But here is where this parable takes an unusual turn, a Gospel turn. For there is a prophetic statement in this parable, that when it was said was meant one way, but which God then turns on its head, and makes it come true in a wholly different way. For example, when during Jesus’ trial Caiaphas said, “It is better that one man die for the people than that the whole nation perish.” That was prophetic – even though Caiaphas meant it one way, and God made it come true another way. And so also here. When the tenant farmers “saw the son, they said to themselves, ‘This is the heir. Come, let us kill him and have his inheritance.’ ” And while they meant that one way, God made it come true another way. For it is indeed through the death of the Son that God sent, Jesus Christ, that we wretched and rebellious sinners become the heirs, the inheritors of the Kingdom of God and eternal life. But not because it was our sinful plan, but because it was God’s plan. “The stone the builders rejected has become the cornerstone; this was the Lord’s doing, and it is marvelous in our eyes.”
And we see once again that God can use the evil that we do, that is in our hearts, that really doesn’t make sense, and turn it around and use it for His own good. A demonstration that He is indeed the Almighty One. A demonstration of His love, because God wants us to have the vineyard! He wants us to live in His wonderful creation, with His wonderful blessings, and ultimately to live in Heaven with Him forever. He doesn’t want to take that away, even from us who are sinful and rebellious. . . . I think sometimes we forget that, thinking that Heaven is a place that we want to be and forgetting that God wants us there with Him too. So much so that He did the unthinkable, and sent His Son to us wretches, knowing what would happen. Knowing that His Son would die. But so that in the death and resurrection of His Son, we too might become sons, leaving behind our subversive and sinful ways and living a new life, no longer as tenants, but as children, members of the royal family.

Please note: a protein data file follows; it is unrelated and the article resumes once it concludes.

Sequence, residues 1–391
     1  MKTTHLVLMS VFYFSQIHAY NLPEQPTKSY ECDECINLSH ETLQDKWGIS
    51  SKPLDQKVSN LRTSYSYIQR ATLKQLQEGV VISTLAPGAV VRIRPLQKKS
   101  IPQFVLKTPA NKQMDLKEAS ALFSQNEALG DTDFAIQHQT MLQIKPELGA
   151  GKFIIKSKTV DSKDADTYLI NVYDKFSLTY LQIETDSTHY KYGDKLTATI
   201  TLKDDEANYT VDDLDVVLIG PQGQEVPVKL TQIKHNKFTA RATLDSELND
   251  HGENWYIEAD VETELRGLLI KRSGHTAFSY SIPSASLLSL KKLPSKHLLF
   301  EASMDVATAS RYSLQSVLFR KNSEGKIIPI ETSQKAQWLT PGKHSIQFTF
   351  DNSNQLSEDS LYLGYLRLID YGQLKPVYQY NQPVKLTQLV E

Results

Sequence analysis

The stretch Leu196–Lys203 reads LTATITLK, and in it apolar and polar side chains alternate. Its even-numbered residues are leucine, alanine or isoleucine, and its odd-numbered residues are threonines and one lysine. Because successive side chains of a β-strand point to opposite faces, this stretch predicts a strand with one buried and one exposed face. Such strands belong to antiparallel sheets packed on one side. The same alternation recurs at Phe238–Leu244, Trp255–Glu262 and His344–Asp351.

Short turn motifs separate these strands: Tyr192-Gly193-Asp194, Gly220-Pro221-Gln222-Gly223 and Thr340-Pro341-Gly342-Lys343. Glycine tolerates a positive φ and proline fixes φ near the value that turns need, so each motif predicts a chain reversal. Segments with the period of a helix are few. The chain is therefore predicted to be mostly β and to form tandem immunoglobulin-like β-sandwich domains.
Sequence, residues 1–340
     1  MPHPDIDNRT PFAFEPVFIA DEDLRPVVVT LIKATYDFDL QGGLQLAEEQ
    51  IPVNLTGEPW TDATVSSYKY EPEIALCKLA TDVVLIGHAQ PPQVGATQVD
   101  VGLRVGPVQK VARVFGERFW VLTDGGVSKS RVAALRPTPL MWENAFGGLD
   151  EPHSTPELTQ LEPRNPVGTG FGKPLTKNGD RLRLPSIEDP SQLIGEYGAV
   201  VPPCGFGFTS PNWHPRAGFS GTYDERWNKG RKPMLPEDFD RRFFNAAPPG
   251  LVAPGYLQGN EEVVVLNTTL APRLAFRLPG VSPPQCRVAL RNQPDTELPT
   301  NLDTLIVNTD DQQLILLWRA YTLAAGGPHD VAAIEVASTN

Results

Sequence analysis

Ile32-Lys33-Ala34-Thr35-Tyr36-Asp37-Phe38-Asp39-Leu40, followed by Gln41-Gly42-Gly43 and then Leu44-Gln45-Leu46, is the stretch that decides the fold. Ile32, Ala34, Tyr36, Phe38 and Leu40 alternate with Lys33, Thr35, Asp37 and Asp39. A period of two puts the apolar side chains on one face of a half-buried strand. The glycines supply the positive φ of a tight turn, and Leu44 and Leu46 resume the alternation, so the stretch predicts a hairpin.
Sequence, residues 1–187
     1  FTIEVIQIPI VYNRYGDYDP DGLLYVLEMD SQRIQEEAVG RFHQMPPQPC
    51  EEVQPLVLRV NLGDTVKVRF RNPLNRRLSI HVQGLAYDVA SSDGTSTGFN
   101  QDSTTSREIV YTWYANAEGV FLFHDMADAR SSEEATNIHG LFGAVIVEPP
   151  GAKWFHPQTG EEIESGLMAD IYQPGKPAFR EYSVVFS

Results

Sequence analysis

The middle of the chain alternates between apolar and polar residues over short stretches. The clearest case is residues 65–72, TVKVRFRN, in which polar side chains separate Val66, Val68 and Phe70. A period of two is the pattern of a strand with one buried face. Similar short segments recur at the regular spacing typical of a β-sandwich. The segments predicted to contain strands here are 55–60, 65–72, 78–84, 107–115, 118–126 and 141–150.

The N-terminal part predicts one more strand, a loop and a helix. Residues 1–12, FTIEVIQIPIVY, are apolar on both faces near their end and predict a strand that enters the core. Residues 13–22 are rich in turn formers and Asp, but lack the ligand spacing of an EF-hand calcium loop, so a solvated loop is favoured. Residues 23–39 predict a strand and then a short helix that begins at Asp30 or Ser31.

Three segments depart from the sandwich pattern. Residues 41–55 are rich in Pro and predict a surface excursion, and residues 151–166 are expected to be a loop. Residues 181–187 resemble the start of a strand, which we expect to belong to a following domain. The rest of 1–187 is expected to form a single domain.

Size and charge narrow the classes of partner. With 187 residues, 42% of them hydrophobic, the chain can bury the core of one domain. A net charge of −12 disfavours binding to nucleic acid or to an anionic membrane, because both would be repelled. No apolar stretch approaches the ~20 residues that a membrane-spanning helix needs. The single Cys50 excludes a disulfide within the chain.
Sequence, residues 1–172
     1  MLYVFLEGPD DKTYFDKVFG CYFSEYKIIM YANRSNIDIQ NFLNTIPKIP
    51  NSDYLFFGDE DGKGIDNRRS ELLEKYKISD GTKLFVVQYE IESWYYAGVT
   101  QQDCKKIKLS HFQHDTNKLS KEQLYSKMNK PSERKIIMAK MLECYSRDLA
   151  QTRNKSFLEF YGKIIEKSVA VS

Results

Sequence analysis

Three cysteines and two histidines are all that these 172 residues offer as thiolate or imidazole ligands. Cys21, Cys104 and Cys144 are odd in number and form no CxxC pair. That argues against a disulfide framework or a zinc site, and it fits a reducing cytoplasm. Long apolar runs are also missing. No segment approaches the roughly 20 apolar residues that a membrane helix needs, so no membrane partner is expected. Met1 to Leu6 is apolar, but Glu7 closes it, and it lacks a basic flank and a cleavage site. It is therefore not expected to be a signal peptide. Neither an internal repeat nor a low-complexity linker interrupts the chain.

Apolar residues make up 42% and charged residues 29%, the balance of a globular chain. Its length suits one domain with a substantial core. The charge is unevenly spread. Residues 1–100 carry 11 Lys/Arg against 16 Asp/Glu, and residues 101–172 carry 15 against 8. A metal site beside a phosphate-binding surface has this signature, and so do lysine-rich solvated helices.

And so we have become the heirs after all, and the Kingdom of God has been given to us. Given to us here as we hear the Word of God, the family story, and we become a part of that story. Given to us here as we are born again and adopted into the family in Holy Baptism. Given to us here as we have a seat at the Table, eating and drinking the holy food, the holy body and blood of the Son who came and died for us. . . . And established in our place in God’s family, we produce the fruit that God is looking for; the fruit that He desires most of all. The fruit of repentance. For that is indeed what the prophets continually came looking for and proclaiming to the people. God’s not really interested in your money, or your things, or that you do without – no, He wants you to enjoy what He has given to you. What He wants is you. And that is indeed what repentance is all about. Repentance is not just saying your sorry for what you did so you can get away with it – it is returning to God. It is returning to our place in the family, for when we sin we are not acting as sons, but as rebellious tenants.
Now, if we want to be just tenants, if we want to live and act as if all that we have in this world and life – my body and soul and all things – is mine and I can do whatever I want, we can do that! And many do. As we heard in the Epistle earlier, “For many . . . walk as the enemies of Christ. Their end is destruction, their god is their belly, and they glory in their shame, with minds set on earthly things.” But if you want to be a tenant, know that you will receive the tenants reward: “Therefore I tell you, the Kingdom of God will be taken away from you . . .”
But that is not who you are! Because in Christ you have been changed. In Christ, you have been made a son, a child of God, and an heir. In Christ, “your citizenship is in Heaven.” In Christ, the Kingdom of God has been given to you, and you, in turn, produce its fruit. The fruit of repentance. The fruit of faith. The fruit of lips that confess His Name. . . . But that’s not the end of the story, for the story goes on. For now it is in you, that God is still sending His Son into the vineyard, as Christ lives in you and you go and live your life in the world. And perhaps for that you also will be rejected, beaten, killed, stoned. And when that happens, we sometimes think, “Didn’t God know that would happen?” . . . Oh, He knew. Just as with His only-begotten Son, God sends you, places you, uses you, knowing what will happen. And we know that even if evil should befall us, that God can use evil for good, and that even should we die at the hands of tenants, that what awaits us is resurrection and life, and our inheritance in Heaven.
And knowing that, we have freedom. Knowing that, we have confidence and boldness. And knowing that, we can identify with St. Paul, who wrote in our Epistle: “Not that I have already obtained this or am already perfect, but I press on to make it my own, because Christ Jesus has made me His own. Brothers, I do not consider that I have made it my own. But one thing I do: forgetting what lies behind and straining forward to what lies ahead, I press on toward the goal for the prize of the upward call of God in Christ Jesus.”
In the Name of the Father, and of the (+) Son, and of the Holy Spirit. Amen.
Now the peace of God which passes all understanding, keep your hearts and minds through faith in Christ Jesus our Lord. Amen.